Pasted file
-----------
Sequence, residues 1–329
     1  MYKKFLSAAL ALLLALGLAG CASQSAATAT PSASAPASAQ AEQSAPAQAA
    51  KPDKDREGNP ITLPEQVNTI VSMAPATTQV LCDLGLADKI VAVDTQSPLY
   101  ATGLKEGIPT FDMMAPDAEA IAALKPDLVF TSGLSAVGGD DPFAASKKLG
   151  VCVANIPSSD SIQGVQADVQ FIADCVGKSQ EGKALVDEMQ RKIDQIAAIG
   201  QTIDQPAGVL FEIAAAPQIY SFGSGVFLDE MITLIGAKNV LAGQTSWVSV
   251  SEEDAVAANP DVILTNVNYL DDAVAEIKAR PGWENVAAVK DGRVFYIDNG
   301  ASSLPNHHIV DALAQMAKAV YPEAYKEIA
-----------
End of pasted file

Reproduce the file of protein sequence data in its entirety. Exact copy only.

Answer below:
Sequence, residues 1–329
     1  MYKKFLSAAL ALLLALGLAG CASQSAATAT PSASAPASAQ AEQSAPAQAA
    51  KPDKDREGNP ITLPEQVNTI VSMAPATTQV LCDLGLADKI VAVDTQSPLY
   101  ATGLKEGIPT FDMMAPDAEA IAALKPDLVF TSGLSAVGGD DPFAASKKLG
   151  VCVANIPSSD SIQGVQADVQ FIADCVGKSQ EGKALVDEMQ RKIDQIAAIG
   201  QTIDQPAGVL FEIAAAPQIY SFGSGVFLDE MITLIGAKNV LAGQTSWVSV
   251  SEEDAVAANP DVILTNVNYL DDAVAEIKAR PGWENVAAVK DGRVFYIDNG
   301  ASSLPNHHIV DALAQMAKAV YPEAYKEIA